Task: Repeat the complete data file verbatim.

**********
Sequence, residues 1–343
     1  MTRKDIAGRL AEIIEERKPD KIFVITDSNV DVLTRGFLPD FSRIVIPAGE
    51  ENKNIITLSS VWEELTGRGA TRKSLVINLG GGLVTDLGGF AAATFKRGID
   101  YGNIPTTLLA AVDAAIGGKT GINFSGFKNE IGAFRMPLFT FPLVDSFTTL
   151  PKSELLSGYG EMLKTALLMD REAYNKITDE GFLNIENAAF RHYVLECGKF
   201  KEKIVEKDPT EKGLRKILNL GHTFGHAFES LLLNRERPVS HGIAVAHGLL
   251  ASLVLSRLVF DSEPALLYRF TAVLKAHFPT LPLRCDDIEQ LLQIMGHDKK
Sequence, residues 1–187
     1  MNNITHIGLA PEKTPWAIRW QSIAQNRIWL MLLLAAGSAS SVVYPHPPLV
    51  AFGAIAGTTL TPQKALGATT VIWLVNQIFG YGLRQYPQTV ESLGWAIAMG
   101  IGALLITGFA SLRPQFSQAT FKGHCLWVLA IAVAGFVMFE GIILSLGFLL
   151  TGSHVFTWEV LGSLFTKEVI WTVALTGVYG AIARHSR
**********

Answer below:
Sequence, residues 1–343
     1  MTRKDIAGRL AEIIEERKPD KIFVITDSNV DVLTRGFLPD FSRIVIPAGE
    51  ENKNIITLSS VWEELTGRGA TRKSLVINLG GGLVTDLGGF AAATFKRGID
   101  YGNIPTTLLA AVDAAIGGKT GINFSGFKNE IGAFRMPLFT FPLVDSFTTL
   151  PKSELLSGYG EMLKTALLMD REAYNKITDE GFLNIENAAF RHYVLECGKF
   201  KEKIVEKDPT EKGLRKILNL GHTFGHAFES LLLNRERPVS HGIAVAHGLL
   251  ASLVLSRLVF DSEPALLYRF TAVLKAHFPT LPLRCDDIEQ LLQIMGHDKK
Sequence, residues 1–187
     1  MNNITHIGLA PEKTPWAIRW QSIAQNRIWL MLLLAAGSAS SVVYPHPPLV
    51  AFGAIAGTTL TPQKALGATT VIWLVNQIFG YGLRQYPQTV ESLGWAIAMG
   101  IGALLITGFA SLRPQFSQAT FKGHCLWVLA IAVAGFVMFE GIILSLGFLL
   151  TGSHVFTWEV LGSLFTKEVI WTVALTGVYG AIARHSR